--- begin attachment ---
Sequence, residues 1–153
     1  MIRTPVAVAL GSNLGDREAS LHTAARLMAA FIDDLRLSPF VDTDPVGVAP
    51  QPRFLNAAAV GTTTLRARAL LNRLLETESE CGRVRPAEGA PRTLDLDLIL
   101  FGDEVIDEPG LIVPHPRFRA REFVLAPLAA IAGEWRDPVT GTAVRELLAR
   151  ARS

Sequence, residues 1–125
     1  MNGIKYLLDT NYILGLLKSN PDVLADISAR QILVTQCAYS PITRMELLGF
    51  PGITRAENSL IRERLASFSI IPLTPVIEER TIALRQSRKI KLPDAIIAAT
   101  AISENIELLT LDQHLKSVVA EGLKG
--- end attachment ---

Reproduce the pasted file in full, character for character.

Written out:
Sequence, residues 1–153
     1  MIRTPVAVAL GSNLGDREAS LHTAARLMAA FIDDLRLSPF VDTDPVGVAP
    51  QPRFLNAAAV GTTTLRARAL LNRLLETESE CGRVRPAEGA PRTLDLDLIL
   101  FGDEVIDEPG LIVPHPRFRA REFVLAPLAA IAGEWRDPVT GTAVRELLAR
   151  ARS

Sequence, residues 1–125
     1  MNGIKYLLDT NYILGLLKSN PDVLADISAR QILVTQCAYS PITRMELLGF
    51  PGITRAENSL IRERLASFSI IPLTPVIEER TIALRQSRKI KLPDAIIAAT
   101  AISENIELLT LDQHLKSVVA EGLKG